Dele Alli insists England players have had to face up to their Euro 2016 demons in order to improve.
Iceland condemned England to their most galling defeat since a 1-0 loss to the part-timers of the United States at the 1950 World Cup when they beat Roy Hodgson’s side in Nice last June with a 2-1 win in the last 16.
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Gareth Southgate has since restored optimism among the England squad – who recently took part in a Royal Marines boot camp – but not before the players came to terms with their failures last year, according to Alli.
“We’ve done a lot of work in the camp,” the Tottenham Hotspur midfielder said ahead of Saturday’s World Cup Qualifier against Scotland in Glasgow, live on Sky Sports.
“We’ve talked about it and I’m sure Gareth’s aware of how hard it is to talk about it as players, such a low point in our careers.
“You don’t really want to talk about it or think about it because it’s such a hard thing, you know? It still makes your heart go and you get a lump in your throat.
“But I think it’s important that we do go to those dark places to improve as a team. You need to go through it and see what happened and where we went wrong.
“When you have the chance to improve as a team, you have to take it, even if it does mean going through something like that.”
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Alli has had to face up to criticism for letting the aggressive side of his game boil over on occasion during the 2016-17 season, having been sent off for a dangerous tackle on Anderlecht’s Brecht Dejaegere as well as a three-match ban for punching West Bromwich Albion’s Claudio Yacob.
The 21-year-old Young Player of the Year has defended his playing style though and believes it remains a key part of his success.
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“I know there are a lot of mixed opinions about it, but that’s the player I am and it’s been in my game ever since I was a youngster,” said Alli, who earned his spurs in England’s rough-and-tumble third tier with Milton Keynes Dons.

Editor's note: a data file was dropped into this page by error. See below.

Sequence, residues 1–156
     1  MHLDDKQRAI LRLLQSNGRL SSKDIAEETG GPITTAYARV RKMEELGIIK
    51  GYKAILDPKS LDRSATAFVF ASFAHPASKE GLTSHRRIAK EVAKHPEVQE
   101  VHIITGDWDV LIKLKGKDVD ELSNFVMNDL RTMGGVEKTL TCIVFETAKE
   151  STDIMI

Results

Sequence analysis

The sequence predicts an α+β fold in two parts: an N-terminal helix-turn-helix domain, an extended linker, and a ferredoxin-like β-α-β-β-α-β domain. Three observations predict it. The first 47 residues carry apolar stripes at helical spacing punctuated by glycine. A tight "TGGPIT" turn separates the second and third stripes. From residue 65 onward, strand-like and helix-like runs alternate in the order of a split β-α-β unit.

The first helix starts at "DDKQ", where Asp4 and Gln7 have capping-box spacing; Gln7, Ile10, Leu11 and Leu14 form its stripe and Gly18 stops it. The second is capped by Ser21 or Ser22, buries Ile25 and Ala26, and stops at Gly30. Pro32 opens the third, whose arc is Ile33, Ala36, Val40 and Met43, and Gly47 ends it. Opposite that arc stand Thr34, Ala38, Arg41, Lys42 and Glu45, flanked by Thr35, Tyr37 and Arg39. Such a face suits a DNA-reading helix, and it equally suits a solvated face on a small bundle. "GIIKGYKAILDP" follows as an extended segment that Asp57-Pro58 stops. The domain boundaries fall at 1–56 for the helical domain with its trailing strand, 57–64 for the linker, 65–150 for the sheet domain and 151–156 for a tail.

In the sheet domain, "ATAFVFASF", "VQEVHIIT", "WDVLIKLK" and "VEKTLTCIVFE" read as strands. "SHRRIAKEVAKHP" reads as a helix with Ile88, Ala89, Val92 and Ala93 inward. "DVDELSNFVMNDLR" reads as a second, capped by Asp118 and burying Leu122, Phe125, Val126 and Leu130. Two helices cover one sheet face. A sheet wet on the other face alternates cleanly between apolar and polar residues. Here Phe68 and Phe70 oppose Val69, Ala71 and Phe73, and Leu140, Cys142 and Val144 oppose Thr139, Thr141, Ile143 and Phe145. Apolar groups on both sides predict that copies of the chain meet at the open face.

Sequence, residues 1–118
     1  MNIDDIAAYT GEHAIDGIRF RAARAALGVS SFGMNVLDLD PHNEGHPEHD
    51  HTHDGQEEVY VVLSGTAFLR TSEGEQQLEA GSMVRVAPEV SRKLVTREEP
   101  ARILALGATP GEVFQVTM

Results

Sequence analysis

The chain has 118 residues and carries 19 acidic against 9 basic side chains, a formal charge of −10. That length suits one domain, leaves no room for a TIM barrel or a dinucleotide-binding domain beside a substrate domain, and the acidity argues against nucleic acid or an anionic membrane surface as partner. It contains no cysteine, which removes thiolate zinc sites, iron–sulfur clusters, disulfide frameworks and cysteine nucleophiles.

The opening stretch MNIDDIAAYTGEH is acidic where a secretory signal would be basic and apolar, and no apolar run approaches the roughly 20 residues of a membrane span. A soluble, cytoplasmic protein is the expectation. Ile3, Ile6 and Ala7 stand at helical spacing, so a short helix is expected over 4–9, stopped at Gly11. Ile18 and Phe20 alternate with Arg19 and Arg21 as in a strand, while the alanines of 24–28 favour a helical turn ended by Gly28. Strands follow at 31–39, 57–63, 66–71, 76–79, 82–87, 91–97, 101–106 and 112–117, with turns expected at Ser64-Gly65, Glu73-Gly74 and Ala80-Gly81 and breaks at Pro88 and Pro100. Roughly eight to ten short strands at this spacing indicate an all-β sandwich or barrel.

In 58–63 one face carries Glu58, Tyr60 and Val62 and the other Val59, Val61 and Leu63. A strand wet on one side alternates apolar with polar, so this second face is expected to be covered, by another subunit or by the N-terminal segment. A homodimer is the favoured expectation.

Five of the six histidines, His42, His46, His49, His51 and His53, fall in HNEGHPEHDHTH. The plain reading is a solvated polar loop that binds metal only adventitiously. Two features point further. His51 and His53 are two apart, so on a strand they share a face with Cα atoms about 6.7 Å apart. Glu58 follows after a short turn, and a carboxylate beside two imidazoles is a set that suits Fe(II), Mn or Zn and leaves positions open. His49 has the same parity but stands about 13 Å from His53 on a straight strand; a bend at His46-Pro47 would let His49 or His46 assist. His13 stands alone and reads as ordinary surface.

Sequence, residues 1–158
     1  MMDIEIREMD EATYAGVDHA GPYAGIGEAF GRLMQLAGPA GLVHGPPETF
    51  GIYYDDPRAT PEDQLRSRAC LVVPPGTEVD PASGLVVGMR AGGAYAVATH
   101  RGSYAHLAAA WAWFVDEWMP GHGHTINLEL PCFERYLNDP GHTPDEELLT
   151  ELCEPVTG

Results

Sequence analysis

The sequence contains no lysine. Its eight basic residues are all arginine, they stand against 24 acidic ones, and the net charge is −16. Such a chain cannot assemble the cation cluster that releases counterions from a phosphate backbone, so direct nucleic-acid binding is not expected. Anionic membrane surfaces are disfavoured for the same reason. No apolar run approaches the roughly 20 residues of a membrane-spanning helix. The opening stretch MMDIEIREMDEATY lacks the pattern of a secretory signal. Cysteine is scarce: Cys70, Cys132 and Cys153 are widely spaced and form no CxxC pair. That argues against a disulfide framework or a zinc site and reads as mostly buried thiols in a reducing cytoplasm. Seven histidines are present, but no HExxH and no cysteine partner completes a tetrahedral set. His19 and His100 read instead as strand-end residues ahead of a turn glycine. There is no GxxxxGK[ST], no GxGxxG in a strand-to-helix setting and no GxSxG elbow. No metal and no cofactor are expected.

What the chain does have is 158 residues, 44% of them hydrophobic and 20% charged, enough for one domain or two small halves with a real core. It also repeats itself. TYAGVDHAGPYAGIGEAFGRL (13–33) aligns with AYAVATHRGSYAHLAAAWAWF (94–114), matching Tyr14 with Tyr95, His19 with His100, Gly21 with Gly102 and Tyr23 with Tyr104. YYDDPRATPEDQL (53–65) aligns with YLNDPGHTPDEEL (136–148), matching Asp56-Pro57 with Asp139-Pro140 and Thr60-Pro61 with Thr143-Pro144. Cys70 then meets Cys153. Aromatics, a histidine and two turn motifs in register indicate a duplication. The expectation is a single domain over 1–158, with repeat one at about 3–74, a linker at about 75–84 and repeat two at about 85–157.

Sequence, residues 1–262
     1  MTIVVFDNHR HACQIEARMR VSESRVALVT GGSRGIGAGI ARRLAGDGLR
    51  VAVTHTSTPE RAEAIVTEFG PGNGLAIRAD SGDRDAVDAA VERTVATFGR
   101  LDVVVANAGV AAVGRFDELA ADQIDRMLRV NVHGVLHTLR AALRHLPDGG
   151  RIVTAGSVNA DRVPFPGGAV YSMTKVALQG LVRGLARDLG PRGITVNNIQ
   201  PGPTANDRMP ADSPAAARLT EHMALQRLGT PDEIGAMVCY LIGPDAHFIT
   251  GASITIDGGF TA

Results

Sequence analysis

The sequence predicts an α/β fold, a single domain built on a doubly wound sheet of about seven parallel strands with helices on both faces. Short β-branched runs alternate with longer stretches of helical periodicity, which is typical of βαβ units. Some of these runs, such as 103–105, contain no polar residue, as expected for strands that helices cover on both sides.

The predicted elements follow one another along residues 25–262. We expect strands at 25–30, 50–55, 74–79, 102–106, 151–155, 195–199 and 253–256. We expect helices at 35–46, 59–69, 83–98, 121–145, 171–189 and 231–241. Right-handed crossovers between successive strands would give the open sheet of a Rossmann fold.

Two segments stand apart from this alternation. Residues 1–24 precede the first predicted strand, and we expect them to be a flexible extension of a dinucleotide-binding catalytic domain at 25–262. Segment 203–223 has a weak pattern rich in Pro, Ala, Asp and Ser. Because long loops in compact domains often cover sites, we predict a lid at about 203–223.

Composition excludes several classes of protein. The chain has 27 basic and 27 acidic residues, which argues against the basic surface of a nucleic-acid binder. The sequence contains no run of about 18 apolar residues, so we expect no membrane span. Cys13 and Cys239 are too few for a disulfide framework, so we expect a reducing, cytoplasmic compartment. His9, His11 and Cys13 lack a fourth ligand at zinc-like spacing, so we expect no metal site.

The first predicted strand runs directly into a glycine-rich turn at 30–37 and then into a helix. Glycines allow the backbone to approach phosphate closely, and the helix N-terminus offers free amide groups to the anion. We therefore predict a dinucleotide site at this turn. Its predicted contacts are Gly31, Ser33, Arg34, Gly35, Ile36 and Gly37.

“That’s not something I’m looking to change, to be honest. Obviously I’ve made a few mistakes and hopefully you can tell that I’ve learnt from them, but like I say, it’s not something that I’m worried about.
“Maybe if I didn’t have that in my game, I wouldn’t have achieved as much as I have done at this age.
“I’ve had to look after myself for a long time in the football world. You don’t want players to think they can walk all over you. So it’s important you stand your ground.”
Now one of Europe’s most coveted young players, Alli accepts his future could lie away from White Hart Lane, but remains focused on Tottenham for the time being.
“It’s not really something I’m thinking about too much,” he said. “I think people get too worried about where they’re going to end up and lose focus on the journey and not enjoying it. So for me as a player, I’m signed at Tottenham and I’m enjoying it.
“Whether I stay at Tottenham for the rest of my career or if I do happen to go somewhere else, I’m sure if I do go somewhere else, it will be at a time when I think that’s what’s needed.
“Who knows where I’m going to end up, but I’m enjoying the journey.”